“Your love letter’s a kill shot,
tearing through my soul til nothing’s left.”
The line feels like a contradiction of terms: how could love and death exist in the same breath? That question defines the new Disciple album Love Letter Kill Shot, their 12th studio album and first release in full partnership with Tooth & Nail Records.
With two exceptional albums already under their belts (Attack and Long Live the Rebels), it’s immediately apparent that the current Disciple lineup has fully found their footing with Love Letter Kill Shot. That lineup consists of Kevin Young (vocals), Josiah Prince (guitar), Joey West (drums), and Andrew Stanton (guitar). They have mastered the ability to stretch themselves forward as artists while still honoring the eras of Disciple that have come before them. That ownership of this era comes in part due to more of the production load being shouldered by Josiah Prince, who worked with longtime Disciple producer Travis Wyrick to create the final product.
Where this album references the past, it does so in a way that takes the best we’ve heard from Disciple and hones in on it. The way Kevin Young spits the verses on “Play to Win” and “Never Too Late,” for example, is likely to bring some listeners back to songs like “Game On,” “Rise Up,” or even as far as “Back Again.” The intricate, clear-toned guitar on songs like “Walk With Me” are reminiscent of albums like Scars Remain or Southern Hospitality. But those classic elements are elevated, reimagined through a production perspective that rubs shoulders with progressive metal, a direction fans heard first with the dynamic single “Cuff the Criminal.”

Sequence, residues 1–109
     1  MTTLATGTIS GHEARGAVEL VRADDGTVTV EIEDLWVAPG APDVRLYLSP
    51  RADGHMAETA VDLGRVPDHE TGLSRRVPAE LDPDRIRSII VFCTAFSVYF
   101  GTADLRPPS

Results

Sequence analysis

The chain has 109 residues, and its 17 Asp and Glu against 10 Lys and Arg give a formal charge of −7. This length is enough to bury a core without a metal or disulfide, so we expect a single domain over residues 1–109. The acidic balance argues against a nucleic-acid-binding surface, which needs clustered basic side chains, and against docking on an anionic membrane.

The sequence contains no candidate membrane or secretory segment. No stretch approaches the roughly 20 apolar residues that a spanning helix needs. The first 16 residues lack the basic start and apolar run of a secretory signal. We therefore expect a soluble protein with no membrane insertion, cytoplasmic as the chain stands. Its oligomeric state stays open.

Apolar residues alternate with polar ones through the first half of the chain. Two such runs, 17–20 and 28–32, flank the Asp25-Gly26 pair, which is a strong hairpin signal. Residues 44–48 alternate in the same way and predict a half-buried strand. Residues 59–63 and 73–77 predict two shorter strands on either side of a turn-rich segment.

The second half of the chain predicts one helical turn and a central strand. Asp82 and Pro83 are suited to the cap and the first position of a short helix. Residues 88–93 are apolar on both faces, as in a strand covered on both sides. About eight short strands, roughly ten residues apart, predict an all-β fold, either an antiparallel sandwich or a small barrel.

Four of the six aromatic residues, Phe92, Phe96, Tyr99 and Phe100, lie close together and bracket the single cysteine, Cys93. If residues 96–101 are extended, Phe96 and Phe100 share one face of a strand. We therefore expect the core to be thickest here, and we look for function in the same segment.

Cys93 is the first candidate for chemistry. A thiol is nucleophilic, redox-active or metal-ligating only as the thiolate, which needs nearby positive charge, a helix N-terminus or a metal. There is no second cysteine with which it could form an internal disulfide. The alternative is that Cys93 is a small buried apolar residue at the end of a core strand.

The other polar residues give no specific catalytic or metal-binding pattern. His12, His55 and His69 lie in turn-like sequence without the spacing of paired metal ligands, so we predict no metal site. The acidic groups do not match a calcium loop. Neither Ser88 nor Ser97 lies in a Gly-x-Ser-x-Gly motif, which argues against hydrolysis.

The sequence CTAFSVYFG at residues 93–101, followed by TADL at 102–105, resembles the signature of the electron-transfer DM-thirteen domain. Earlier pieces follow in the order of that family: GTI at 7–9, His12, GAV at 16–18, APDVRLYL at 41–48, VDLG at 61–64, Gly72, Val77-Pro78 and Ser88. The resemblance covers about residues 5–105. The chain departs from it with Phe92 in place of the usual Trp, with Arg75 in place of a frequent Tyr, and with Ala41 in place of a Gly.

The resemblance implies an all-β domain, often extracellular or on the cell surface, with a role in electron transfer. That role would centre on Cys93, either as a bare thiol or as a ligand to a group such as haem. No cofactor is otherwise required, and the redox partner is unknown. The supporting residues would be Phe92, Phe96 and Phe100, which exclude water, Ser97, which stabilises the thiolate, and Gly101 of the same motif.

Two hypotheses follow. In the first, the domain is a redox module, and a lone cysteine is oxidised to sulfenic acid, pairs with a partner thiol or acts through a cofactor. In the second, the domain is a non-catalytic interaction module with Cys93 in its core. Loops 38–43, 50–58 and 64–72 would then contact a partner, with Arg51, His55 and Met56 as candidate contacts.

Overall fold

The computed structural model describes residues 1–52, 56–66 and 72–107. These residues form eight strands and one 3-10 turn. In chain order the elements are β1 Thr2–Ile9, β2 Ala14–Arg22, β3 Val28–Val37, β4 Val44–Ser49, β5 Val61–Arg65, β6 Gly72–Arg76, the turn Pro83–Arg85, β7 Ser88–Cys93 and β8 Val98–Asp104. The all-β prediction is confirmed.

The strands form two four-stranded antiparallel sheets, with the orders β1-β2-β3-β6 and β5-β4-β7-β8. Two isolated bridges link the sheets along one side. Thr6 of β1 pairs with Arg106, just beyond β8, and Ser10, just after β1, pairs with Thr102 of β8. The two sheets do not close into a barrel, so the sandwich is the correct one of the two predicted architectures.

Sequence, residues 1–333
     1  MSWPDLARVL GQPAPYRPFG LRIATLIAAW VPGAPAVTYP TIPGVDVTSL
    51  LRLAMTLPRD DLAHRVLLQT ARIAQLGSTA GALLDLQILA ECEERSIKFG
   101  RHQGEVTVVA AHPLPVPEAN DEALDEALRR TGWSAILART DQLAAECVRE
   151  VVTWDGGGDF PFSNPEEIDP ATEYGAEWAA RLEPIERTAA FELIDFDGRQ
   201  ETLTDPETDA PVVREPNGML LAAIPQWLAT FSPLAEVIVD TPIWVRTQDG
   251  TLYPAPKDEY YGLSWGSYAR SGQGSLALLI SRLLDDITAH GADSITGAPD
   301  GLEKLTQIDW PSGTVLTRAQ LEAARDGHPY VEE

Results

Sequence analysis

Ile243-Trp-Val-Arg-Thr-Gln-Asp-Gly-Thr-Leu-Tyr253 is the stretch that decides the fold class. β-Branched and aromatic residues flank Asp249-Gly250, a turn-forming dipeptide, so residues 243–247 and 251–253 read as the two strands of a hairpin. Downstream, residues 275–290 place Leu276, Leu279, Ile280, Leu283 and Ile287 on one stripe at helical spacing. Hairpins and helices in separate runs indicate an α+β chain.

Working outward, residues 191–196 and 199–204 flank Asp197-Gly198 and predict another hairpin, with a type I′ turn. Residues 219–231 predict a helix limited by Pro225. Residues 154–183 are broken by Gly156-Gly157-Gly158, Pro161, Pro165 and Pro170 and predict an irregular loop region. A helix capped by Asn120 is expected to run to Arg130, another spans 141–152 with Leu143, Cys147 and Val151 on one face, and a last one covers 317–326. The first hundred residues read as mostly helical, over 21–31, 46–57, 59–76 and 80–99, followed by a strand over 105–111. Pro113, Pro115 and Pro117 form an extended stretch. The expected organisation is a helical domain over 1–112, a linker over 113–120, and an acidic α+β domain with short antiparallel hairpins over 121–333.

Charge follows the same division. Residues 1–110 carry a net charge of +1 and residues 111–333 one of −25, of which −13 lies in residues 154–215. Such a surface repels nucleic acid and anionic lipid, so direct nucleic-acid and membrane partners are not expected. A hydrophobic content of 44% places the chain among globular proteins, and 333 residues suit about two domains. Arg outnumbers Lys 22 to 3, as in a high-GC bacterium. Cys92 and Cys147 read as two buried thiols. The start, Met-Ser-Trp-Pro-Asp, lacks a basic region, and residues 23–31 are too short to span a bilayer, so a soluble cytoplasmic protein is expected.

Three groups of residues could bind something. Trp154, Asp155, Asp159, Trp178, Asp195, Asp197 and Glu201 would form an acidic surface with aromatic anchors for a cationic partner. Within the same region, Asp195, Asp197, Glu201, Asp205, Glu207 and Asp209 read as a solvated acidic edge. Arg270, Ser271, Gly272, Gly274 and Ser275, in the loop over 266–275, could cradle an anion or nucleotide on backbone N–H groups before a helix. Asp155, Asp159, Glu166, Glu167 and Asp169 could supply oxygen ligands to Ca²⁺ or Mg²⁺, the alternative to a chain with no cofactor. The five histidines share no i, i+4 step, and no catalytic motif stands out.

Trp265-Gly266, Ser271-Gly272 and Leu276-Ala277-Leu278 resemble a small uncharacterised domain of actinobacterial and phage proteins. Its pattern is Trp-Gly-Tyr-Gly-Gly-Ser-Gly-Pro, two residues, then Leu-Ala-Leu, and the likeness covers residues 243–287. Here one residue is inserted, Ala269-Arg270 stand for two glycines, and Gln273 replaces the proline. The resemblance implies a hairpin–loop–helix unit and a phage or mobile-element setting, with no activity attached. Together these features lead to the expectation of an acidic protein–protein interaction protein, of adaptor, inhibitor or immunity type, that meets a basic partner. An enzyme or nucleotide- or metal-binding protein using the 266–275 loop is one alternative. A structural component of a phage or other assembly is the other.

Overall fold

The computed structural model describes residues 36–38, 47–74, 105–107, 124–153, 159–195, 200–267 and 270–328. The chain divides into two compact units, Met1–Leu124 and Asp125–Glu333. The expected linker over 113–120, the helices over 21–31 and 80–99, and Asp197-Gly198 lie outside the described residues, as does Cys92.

One thing that instantly sets this album apart from the past several is that there is no true ballad. Love Letter Kill Shot is hard and heavy early on with “Reanimate,” and although not all of the album maintains that level of ferocity, you certainly should not expect many long breaks from an impulse to headbang. That musical intensity is delivered with finesse, offering stand-out guitar solos as well as resounding riffs.
The heaviness feels absolutely deliberate as it pairs with tremendous thematic weight. As a band that self-professes evangelism as their core ethic, Disciple has always been intensely focused on bringing light into dark places. Love Letter Kill Shot maps the geography of those dark places more than any album before.
“Wake Up” screams in desperation to someone numbed out by suicidal depression: “wake up, wake up / for the love of God, please hear me screaming / your eyes are open, but I know you’re asleep at the wheel / and the road is ending.” A hurricane of guitar feeds the near-frantic urgency of the vocal delivery. “Panic Room” gives voice to the darkest, cruelest parts of all of us, the terrible desire for power over others, power over life itself. This track is a musical masterpiece, every production element building on the eeriness. “Sometimes I scare myself,” the song admits before a guest feature from Andrew Schwab (Project 86) explodes into the tormented chorus:
“I try to lock these thoughts inside a tomb
But it ends up being my panic room
When the demons start digging up skeletons
The ghosts leave me with nowhere to run.”